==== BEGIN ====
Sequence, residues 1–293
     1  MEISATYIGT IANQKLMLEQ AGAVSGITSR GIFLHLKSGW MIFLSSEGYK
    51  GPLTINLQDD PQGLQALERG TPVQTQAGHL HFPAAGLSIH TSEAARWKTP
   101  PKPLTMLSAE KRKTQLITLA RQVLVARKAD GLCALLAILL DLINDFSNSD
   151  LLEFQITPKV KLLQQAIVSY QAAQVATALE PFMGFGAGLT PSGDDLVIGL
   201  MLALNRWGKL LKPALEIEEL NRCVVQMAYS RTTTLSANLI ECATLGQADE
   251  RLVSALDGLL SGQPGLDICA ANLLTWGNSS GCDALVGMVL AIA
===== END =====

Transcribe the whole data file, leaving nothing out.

Sequence, residues 1–293
     1  MEISATYIGT IANQKLMLEQ AGAVSGITSR GIFLHLKSGW MIFLSSEGYK
    51  GPLTINLQDD PQGLQALERG TPVQTQAGHL HFPAAGLSIH TSEAARWKTP
   101  PKPLTMLSAE KRKTQLITLA RQVLVARKAD GLCALLAILL DLINDFSNSD
   151  LLEFQITPKV KLLQQAIVSY QAAQVATALE PFMGFGAGLT PSGDDLVIGL
   201  MLALNRWGKL LKPALEIEEL NRCVVQMAYS RTTTLSANLI ECATLGQADE
   251  RLVSALDGLL SGQPGLDICA ANLLTWGNSS GCDALVGMVL AIA